Have you ever raised ducks? What advice would you add? Share it in the section below:

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Self Sufficiency

NYC Adds Nearly 4,000 People Who Never Tested Positive To Coronavirus Death Tolls

New York City added nearly 4,000 people who never tested positive for the coronavirus to its death toll Tuesday, bringing coronavirus-related deaths in the city to around 10,000 people.

The city decided to add 3,700 people to its death tolls, who they “presumed” to have died from the virus, according to a report from The New York Times. The additions increased the death toll in the U.S. by 17%, according to the Times report, and included people who were suffering from symptoms of the virus, such as intense coughing and a fever.

The report stated that Democratic New York City Mayor Bill de Blasio decided over the weekend to change the way the city is counting deaths.

“In the heat of battle, our primary focus has been on saving lives,” de Blasio press secretary Freddi Goldstein told the Times.“As soon as the issue was raised, the mayor immediately moved to release the data.”

The post New York City added nearly 4,000 people who never tested positive for the coronavirus to its death toll appeared first on Daily Caller

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Self Sufficiency

How To Make Lacto-Fermented Sauerkraut In A Mason Jar

The thing about homesteading is you get to create your own ingredient right from scratch! Cheese, yogurt, butter and now sauerkraut, a delightfully sour and crunchy ingredient you can use on your meals — or consume by itself — while on a homestead, or while facing this health crisis!

This homemade sauerkraut is a great meal because it has a long shelf life. You can either make plain sauerkraut or mix it with herbs and spices. In this tutorial let us make Lacto-fermented sauerkraut that preserves all the good probiotics in a jar, good for your guts.

So how to make sauerkraut in a mason jar?

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Delicious Sauerkraut Recipe Every Homesteader Should Know

Why Make Sauerkraut?


Not only does sauerkraut spoil a long time, but it is also a meal in itself, and it is also easy to make! You don’t need to be an expert cook, all you need to do is follow these simple steps.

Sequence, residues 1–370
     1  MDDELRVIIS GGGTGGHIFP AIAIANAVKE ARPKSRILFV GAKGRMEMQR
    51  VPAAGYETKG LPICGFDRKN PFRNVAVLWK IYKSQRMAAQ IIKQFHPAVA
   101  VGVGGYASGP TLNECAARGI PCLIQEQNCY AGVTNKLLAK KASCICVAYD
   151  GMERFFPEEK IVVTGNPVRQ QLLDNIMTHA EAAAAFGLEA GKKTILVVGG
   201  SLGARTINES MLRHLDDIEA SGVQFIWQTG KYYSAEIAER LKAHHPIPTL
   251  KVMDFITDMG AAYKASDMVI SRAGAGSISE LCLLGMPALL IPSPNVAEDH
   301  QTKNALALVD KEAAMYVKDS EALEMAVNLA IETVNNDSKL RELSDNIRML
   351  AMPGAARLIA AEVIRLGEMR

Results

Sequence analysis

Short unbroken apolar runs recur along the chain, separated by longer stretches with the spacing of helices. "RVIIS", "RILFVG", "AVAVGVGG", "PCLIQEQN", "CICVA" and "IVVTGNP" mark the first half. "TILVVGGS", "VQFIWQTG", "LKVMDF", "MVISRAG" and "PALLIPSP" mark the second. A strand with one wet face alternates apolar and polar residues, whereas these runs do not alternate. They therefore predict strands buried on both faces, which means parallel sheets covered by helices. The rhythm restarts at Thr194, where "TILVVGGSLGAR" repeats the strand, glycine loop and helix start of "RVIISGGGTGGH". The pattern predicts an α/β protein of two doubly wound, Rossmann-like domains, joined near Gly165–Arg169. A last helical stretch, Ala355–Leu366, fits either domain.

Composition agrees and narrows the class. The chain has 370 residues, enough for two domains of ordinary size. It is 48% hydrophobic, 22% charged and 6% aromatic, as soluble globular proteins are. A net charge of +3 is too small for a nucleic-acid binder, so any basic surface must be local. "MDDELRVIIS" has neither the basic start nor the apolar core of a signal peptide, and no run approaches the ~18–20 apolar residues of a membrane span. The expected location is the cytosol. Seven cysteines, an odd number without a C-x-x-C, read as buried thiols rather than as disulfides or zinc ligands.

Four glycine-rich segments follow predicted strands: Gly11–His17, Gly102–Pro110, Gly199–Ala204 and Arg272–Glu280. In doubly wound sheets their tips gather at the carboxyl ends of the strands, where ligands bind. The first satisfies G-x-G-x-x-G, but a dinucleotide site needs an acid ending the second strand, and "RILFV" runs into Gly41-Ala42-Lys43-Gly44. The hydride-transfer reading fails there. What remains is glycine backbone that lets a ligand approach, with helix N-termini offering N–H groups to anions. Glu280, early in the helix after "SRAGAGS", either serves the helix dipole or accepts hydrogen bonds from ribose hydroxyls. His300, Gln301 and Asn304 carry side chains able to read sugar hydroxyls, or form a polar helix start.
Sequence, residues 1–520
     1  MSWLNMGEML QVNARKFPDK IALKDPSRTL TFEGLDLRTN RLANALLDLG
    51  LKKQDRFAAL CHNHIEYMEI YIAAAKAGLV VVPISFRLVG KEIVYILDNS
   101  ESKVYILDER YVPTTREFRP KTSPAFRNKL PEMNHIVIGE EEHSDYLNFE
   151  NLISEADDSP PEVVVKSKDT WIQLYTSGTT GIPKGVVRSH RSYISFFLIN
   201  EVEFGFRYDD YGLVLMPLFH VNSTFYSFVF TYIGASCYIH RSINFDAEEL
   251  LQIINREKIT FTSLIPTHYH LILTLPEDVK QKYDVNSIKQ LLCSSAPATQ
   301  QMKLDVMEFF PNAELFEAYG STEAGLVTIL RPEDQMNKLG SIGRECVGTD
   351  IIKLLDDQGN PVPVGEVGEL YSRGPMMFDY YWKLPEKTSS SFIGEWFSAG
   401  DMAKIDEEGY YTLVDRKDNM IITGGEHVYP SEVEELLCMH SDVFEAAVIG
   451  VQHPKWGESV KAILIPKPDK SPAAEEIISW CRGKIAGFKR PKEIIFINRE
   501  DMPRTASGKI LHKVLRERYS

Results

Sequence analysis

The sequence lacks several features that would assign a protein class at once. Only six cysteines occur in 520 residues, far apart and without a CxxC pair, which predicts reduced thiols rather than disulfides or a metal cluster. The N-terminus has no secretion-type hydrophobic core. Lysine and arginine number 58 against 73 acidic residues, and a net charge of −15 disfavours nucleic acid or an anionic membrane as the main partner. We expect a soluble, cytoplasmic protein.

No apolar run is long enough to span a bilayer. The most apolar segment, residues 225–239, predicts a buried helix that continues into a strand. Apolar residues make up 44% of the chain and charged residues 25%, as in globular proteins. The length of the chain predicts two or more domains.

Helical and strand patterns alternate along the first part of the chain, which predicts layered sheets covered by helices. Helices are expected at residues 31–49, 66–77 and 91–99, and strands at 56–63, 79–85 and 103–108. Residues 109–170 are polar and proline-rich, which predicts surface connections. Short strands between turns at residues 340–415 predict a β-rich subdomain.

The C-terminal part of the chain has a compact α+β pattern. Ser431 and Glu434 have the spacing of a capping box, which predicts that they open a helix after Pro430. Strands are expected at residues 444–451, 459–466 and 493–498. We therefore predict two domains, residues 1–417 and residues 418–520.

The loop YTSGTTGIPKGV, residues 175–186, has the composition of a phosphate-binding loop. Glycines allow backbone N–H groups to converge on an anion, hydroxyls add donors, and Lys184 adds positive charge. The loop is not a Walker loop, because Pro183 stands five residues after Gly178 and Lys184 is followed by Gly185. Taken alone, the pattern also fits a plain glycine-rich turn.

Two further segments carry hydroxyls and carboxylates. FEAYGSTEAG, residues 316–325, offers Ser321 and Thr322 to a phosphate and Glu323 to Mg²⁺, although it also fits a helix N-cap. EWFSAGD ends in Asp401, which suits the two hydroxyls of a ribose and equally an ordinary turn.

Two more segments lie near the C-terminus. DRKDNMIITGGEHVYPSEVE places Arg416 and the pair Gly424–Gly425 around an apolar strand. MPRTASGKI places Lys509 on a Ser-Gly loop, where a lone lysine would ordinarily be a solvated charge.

So let us get started. Here are the steps in making sauerkraut in a mason jar.


  • 1 head of cabbage or 2 1/2 lbs cabbage
  • 1 tablespoon of salt

Tools Needed:

  • knife
  • bowl
  • mason jar
  • smaller jar
  • rubber band

Step 1: Wash & Clean the Tools & Ingredients

Wash all the equipment and utensils you need. Wash your hands too.

You don’t want to mix your sauerkraut with bad bacteria, anything that is going to make you sick.

Next, remove the faded leaves from your cabbage. Cut off the roots and the parts that don’t seem fresh.

Step 2: Cut the Cabbage Into Quarters & Slice Into Strips

Cut your cabbage into quarters and remove the core. Then, slice it into strips.

Step 3: Place in a Bowl & Sprinkle With Salt

Put the stripped cabbage into a bowl. Sprinkle the cabbage with 1 tablespoon of salt.

TIP: Use canning salt or sea salt. Iodized salt will make it taste different and may not ferment the cabbage.

RELATED: Homemade Yogurt Recipe

Step 4: Massage the Cabbage

Massage the cabbage for five minutes or more to get the juice out.

TIP: You’ll know it’s ready when you see a bit of juice at the bottom of the bowl and will look similar to coleslaw.

Step 5: Press Cabbage Into the Mason Jar

Add the cabbage to the mason jar gradually. Press it in hard to allow the juice to come out. Do this every time you add about a handful of cabbage.

IMPORTANT: Food should be covered by the liquid to promote fermentation. Add any excess liquid from the bowl to the jar.

Step 6: Press a Smaller Jar Into the Mason Jar

You want to squeeze every ounce of that juice from the cabbage. To do this place the mason jar in a bowl and get a smaller jar.

Fill it with water or marble to make it heavy. Press it into the bigger mason jar. Allow any juices to rise to the surface.

Step 7: Cover the Jars With Cloth & Tie With Rubber Band

Leave the small jar on. To keep your jars clean from annoying insects and irritating debris, cover your jars with a clean cloth. Then, use a rubber band to tie the cloth and the jars together, putting them in place.

Step 8: Set Aside & Check Daily

Set it aside in a cool dry place, away from direct sunlight. Check the water level daily. It should always be above the cabbage.

Step 9: Taste Your Sauerkraut & Keep at Cool Temperatures

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After about five days, you can taste your sauerkraut. If the taste is to your liking, tightly cover it with the lid and store in the fridge or cellar.

NOTE: If after five days it’s still not your desired taste, leave it for a few more days. This will allow the fermentation process to continue.